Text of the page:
I am the kind of person that falls asleep during movies like the Bear, haah. But one of my favorite recent wildlife movies was Grizzly Man. I identify with the guy, Timothy Treadwell, in his quest for meaning.

    Posted by Bill Donovan | February 13, 2009, 12:09 pm
  15. Shea and Bill – that’s all good and well about Scarface, but as a film, as a ‘work of art’, it stinks…(in my opinion)…
    The film also makes its points early, and then proceeds to ram them down your throat for another two and a half hours…what’s to like about that?

    Stone had just beaten his own coke habit when he wrote the screenplay – I really don’t think he intended for Tony Montana to become an icon…(although, I could be wrong about that…)

    Anyway…as for The Bear, Bill – don’t knock it if you haven’t seen it…or, don’t judge a film by its synopsis…(although, that’s not really good advice….)

    Shea – I liked Insomnia too…one of the better Hollywood remakes of a foreign film…but dude, you should definitely see Heat…!!

    And don’t get me wrong here, fellas…I’m a huge fan of Pacino, and I think his performance in Scarface is one of his best characterizations – up there with Sonny in Dog Day Afternoon and even Satan himself in Devil’s Advocate 😉
    It’s not Pacino I have the problem with – it’s Scarface the film that I have a problem with.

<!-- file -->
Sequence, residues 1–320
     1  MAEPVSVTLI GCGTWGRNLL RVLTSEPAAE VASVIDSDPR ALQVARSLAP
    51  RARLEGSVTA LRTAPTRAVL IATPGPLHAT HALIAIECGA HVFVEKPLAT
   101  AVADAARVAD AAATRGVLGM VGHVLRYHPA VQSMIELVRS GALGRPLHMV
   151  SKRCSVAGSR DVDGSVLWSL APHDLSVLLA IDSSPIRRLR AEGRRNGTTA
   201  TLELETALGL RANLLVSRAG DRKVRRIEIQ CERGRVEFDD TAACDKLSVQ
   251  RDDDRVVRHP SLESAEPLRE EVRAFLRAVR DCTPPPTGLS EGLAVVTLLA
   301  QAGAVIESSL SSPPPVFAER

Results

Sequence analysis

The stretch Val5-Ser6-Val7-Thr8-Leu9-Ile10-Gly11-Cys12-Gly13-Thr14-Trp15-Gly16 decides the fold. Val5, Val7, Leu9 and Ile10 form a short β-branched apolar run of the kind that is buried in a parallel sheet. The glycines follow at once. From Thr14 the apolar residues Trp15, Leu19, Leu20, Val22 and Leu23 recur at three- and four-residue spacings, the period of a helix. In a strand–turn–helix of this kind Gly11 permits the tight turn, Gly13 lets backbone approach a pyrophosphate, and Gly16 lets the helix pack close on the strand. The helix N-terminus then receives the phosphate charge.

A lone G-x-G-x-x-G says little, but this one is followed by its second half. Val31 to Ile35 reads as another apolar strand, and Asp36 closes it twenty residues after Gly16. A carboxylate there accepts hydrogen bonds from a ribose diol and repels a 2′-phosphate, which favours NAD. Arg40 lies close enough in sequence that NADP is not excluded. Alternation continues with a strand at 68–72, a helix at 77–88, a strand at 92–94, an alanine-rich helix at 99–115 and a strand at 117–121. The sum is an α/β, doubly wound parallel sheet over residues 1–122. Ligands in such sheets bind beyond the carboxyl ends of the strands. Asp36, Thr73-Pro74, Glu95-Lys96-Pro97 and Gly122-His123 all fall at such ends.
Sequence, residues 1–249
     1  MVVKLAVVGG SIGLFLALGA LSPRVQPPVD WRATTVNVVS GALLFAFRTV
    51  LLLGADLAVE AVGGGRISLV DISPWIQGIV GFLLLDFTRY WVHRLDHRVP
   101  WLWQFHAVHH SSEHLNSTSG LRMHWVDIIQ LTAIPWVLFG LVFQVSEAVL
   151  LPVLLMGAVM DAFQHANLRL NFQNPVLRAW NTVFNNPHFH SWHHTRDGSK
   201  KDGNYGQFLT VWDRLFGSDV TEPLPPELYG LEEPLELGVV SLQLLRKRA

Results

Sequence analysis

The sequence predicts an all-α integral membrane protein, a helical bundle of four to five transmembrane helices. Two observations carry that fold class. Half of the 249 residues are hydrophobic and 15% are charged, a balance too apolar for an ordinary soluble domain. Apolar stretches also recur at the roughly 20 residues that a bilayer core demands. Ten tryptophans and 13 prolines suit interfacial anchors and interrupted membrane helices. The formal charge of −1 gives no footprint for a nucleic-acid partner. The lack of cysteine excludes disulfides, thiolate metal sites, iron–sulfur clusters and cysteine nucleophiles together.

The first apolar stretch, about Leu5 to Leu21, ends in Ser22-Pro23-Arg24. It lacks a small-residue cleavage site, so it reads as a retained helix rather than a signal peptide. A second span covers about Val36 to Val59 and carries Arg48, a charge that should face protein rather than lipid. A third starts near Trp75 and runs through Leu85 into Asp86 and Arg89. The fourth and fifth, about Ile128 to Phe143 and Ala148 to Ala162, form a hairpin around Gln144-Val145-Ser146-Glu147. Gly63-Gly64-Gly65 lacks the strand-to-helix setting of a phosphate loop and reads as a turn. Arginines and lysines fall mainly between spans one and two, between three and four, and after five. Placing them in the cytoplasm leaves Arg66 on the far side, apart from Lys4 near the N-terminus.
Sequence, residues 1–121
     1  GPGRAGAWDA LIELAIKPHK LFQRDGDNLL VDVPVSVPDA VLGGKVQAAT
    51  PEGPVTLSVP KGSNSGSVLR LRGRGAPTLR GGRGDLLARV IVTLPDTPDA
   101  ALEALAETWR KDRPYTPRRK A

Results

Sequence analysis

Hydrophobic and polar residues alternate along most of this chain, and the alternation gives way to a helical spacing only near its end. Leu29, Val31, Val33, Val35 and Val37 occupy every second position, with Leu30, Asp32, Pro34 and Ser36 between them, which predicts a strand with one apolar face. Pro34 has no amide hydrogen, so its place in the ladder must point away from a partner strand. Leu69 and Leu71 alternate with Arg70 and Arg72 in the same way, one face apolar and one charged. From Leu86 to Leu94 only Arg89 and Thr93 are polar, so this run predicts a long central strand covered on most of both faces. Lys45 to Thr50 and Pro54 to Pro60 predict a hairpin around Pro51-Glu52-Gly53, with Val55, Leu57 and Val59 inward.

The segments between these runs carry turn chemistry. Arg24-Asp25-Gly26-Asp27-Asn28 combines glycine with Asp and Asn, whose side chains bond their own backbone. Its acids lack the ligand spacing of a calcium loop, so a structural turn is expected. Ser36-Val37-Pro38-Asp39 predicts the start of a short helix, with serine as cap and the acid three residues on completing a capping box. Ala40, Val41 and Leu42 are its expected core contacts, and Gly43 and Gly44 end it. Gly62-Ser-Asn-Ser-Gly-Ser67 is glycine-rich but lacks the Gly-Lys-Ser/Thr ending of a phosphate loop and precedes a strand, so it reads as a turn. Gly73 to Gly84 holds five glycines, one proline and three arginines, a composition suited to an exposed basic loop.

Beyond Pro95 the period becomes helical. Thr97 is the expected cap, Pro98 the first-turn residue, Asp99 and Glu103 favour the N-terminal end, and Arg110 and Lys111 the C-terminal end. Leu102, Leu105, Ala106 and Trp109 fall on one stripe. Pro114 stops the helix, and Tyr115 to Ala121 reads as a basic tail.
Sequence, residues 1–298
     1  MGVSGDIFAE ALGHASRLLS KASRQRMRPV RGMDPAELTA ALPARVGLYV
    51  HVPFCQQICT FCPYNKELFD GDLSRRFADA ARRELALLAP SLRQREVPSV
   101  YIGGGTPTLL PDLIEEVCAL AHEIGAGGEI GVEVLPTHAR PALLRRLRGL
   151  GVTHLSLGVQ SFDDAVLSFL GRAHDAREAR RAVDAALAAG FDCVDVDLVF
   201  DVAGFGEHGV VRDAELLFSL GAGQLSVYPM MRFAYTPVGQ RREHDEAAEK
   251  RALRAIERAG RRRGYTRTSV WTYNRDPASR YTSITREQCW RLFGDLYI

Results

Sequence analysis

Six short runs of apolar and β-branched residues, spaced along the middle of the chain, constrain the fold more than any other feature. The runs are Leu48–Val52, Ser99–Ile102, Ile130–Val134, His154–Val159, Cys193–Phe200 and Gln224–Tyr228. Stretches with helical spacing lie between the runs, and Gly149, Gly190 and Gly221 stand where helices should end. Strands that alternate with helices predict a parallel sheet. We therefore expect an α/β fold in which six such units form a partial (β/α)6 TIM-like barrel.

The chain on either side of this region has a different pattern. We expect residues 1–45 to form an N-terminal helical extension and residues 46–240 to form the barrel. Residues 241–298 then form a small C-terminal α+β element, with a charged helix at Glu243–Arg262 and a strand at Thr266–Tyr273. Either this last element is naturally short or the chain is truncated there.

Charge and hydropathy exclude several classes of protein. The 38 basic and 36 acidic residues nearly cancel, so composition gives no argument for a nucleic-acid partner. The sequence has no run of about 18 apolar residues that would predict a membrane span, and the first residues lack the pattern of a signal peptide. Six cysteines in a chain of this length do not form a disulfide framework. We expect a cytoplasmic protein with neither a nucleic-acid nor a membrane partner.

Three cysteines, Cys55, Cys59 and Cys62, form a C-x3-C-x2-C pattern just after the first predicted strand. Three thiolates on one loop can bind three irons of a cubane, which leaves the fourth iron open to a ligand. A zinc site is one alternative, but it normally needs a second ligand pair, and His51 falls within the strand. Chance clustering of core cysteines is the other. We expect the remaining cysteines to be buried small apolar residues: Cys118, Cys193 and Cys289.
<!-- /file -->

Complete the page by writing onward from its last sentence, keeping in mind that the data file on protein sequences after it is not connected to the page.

And I’ll tell ya – the same themes were explored recently in There Will Be Blood….
    Now that’s a f@#king great movie!

    Posted by Wadrick Jones | February 13, 2009, 10:08 pm
  16. Hey Wadrick,

    I have tried to watch the Bear, just fell asleep. About the third Bear roar and it’s lights out. haha.

    Maybe I am not enough of a connieseur to understand your point about Scarface not being a good movie, I liked watching it. I am sort of the unwashed masses when it comes to movies.

    I loved There Will Be Blood: when you have a milkshake… that scene was the best.

    There’s a Charles Bukowski poem this discussion reminds me of, “The Worst and The Best”

    in the hospitals and jails
    it’s the worst
    in madhouses
    it’s the worst
    in penthouses
    it’s the worst
    in skid row flophouses
    it’s the worst
    at poetry readings
    at rock concerts
    at benefits for the disabled
    it’s the worst
    at funerals
    at weddings
    it’s the worst
    at parades
    at skating rinks
    at sexual orgies